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The pendulum of fashion vibrat- invader. Whoever shall dare to ing in morals, as in dress, from condemn the opinions of one, is an extreme point to its opposite ; the enemy of all the rest : he we are now required to open the must be shunned as an intruder bosom of charity to every class into the sanctuary of conscience; of religious tenets, if we hope to as a stranger to religious civility be enrolled among liberal Chris- and liberal refinement, and uptians, or to escape the pains and worthy of any rank but that which penalties decreed against bigots. philosophical Christianity has As revolutions seldom happen in assigned to the bigot. but one thing at a time, this ex- All this looks grand and magchange of feeling appears to nanimous; and, no doubt, has have been accompanied with an its effect; especially upon youthexchange of principle; and to ful, undisciplined, and timid have included a large portion of minds. But if it have more of the creed of our fathers in the show than of reality ; if it be as same proscription with their intolerant in its own way as any sternness of temper. So that thing which it calls bigotry; and what bishop Butler said of Chris- if, under the pretext of oblations rianity, may truly be said of or- to charity, it sacrifice the truth thodoxy :-“ It is come-to be of God and the eternal interests taken for granted, by many per- of men upon the altar of practical sons, that orthodoxy is not so infidelity ; we cannot turn away much as a subject of inquiry ; from it with too open disgust, but that it is now, at length, dis- norhold it in too deep abhorrence. covered to be fictitious. And
One of the things which accordingly they treat it as if, in first strike a critical observer, is the present age, this were an the indefiniteness of the ideas agreed point among all people attached to the terms “liberal” of discernment ; and nothing re- and “bigoted.” It is easy to mained but to set it up as a couple them with a man or a principal subject of mirth and principle; and to extol or decry ridicule, as it were by way of re- accordingly: and few are prisals, for its having so long loud in their panegyric or abuse, interrupted the pleasures of the as those who do both by signal. world."* Or if dislike to princi- But still, what is your liberality ? ples once held sacred by the Is it measured by any standard, most enlightened and excellent or confined within any limits ? of mankind, has not gone all this If not, for aught I can see, it is length, it has, at least, thrown an attempt to abolish all intellecthem into the rubbish of obsolete tual and moral distinctions. If prejudices. Zeal for their puri- it is measured and limited-by ty and propagation is supplanted what rule ? By the word of God? by a sort of community of per- Then you are bound to ascertain suasions ; in which every one is its sense, and to oppose every not only privileged to assert his opinion which contradicts it ; or own right, while he lives in peace else you must contradict yourwith his neighbours, but to de- self: for a rule which you do mand their aid in repulsing an not apply, is no rule at all.-By * Butler's Analogy, Advertisement. your own good pleasure, or your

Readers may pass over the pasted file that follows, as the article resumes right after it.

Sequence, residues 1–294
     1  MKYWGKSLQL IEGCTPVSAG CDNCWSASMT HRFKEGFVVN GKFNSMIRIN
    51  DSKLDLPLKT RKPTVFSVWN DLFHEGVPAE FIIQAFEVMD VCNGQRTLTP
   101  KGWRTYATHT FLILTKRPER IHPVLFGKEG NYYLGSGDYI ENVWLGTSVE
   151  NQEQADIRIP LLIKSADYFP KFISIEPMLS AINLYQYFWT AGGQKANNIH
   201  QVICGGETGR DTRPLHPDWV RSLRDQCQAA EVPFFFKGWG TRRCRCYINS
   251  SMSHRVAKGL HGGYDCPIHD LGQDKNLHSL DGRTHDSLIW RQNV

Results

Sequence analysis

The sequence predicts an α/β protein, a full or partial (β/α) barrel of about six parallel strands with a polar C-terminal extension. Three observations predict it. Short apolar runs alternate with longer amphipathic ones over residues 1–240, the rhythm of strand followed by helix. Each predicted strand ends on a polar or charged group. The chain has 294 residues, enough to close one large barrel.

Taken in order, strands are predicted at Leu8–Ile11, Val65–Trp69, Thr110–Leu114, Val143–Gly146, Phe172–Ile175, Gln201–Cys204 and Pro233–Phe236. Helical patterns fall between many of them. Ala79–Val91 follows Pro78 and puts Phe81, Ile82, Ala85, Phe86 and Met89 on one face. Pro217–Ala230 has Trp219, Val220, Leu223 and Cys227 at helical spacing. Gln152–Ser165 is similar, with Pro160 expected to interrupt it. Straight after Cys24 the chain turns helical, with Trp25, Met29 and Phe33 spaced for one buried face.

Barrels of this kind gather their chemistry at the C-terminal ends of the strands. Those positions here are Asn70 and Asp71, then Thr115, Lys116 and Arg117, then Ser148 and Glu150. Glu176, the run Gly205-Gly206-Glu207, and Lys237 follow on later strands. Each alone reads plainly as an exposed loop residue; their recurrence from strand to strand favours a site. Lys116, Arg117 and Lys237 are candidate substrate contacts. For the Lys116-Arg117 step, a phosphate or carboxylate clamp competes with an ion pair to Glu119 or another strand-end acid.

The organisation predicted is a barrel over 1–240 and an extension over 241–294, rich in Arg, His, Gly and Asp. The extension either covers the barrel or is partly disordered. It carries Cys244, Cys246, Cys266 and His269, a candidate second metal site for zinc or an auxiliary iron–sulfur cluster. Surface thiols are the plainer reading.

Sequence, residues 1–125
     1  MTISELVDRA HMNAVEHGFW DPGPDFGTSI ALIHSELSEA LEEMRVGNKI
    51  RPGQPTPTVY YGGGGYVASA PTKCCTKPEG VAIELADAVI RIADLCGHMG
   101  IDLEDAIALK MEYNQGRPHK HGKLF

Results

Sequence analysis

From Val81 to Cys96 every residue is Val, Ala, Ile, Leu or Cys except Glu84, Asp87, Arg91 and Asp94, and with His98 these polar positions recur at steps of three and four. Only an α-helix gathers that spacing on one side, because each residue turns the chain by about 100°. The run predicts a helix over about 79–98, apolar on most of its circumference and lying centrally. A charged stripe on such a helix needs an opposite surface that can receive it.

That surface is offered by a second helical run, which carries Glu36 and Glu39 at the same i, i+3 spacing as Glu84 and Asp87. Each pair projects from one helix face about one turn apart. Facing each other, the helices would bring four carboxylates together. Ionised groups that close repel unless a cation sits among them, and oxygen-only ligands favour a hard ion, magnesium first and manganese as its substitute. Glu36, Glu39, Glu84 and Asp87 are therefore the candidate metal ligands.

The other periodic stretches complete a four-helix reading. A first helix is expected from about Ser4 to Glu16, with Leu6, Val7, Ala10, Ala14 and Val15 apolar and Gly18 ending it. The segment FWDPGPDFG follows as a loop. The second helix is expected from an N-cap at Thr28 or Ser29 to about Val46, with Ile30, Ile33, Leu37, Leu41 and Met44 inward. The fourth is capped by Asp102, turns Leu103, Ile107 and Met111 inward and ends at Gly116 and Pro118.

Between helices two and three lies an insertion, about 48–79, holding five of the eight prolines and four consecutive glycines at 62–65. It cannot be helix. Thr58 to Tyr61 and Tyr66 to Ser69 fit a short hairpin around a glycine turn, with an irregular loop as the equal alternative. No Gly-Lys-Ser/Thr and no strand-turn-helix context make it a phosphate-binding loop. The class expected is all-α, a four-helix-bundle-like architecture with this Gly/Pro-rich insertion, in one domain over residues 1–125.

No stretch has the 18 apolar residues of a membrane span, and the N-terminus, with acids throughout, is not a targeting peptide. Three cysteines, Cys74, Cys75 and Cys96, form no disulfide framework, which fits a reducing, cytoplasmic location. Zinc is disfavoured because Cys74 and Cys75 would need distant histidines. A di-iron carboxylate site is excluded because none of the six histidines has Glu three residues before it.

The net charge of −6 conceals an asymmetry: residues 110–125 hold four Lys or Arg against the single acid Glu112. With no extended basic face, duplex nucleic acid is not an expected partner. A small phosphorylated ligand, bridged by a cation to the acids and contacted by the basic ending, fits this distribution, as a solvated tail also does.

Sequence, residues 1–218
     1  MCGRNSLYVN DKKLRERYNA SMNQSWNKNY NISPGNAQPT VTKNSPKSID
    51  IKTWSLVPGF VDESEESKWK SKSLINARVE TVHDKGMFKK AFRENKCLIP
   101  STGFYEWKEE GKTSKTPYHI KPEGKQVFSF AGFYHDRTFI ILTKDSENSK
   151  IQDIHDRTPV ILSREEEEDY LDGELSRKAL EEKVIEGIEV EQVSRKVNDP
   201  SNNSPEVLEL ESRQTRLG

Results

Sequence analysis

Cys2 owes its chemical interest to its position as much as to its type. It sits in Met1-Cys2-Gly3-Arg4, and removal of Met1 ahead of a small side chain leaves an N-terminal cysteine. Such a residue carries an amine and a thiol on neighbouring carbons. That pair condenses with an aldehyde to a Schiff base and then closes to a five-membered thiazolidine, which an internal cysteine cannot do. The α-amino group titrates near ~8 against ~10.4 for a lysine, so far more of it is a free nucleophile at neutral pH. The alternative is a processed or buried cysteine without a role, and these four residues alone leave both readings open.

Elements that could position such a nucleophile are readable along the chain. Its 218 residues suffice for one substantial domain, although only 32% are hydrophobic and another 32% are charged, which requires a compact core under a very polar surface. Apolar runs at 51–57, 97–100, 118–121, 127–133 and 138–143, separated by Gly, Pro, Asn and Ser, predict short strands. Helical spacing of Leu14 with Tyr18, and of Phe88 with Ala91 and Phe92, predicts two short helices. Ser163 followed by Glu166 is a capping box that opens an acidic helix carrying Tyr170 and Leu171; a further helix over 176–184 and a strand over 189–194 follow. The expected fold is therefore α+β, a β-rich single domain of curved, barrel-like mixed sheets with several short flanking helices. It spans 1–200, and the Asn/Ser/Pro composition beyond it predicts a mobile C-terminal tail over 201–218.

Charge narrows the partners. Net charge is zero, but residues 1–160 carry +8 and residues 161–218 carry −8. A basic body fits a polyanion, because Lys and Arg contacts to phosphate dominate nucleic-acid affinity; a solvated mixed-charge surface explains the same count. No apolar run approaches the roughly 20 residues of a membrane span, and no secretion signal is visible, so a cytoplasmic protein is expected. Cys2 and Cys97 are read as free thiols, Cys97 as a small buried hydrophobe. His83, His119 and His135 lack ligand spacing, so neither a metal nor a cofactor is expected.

conviction of right? Then you not for its own sake, but as it is assume the office of dictator as controlled by truth : and secondmuch as any man to whom you ly, that the character of your impute that arrogance ; and if liberality must be fixed by the you intend to
pluck the mote, relative value of those points out of his eye,” you must begin which it surrenders under the with taking “the beam out of title of " minor differences.” your own."-By your particular Until this be settled, you can associates ? Every sect under have no permission to glory in heaven does the same. The being liberal ; and to bestow Arminian calls the Calvinist a contemptuous appellations upon bigot ; the Socinian applies the those who will not go in your epithet to the advocate of the train : for you may take credit atonement, and chaunts forth his to yourself for that which shall own liberality ; the deist pities turn out to be a crime. the slavish being who believes in Our next inquiry, then, rerevelation; and the atheist smiles spects these “minor differencat the “prejudices” of the de- es.” A soft sound with dreaded ist.*-Or are you liberal because sense! For, unless the writer you think and speak well of grievously err, the characteristic those who think and speak well of the liberality now in vogue, is of you? So did the publicans, to ask nothing more than a and so do thousands with whom general profession of Christianiyou would not wish to be sus- ty; and to refer all its modificapected of any connexion. If tions to the head of " minor your “liberality takes a middle .differences ;" which, in the af. path between the contractedness fair of Christian and ministerial of some men, and the licentious- fellowship, should make no difness of others, so that while you ference at all. If, therefore, one cherish the primary interests of of these liberal Christians shall religion, you overlook the minor explain away the whole faith of differences among its professors, the church of God concerning and embrace them as brothers the new birth-if another shall upon the broad ground of the teach the dogma of universal common Christianity,” you are' salvation for men, and, if he indeed more definite, but not less please, for devils too if a third embarrassed. For it is impossi- shall give up the plenary inspirable not to perceive, first, that tion of the scriptures—if a fourth your very medium implies a shall argue against a particular boundary which you may not providence-if a fifth shall deny pass; and consequently, that the influences, or dispute the beyour liberality is commendable, ing, of the Holy Spirit-if a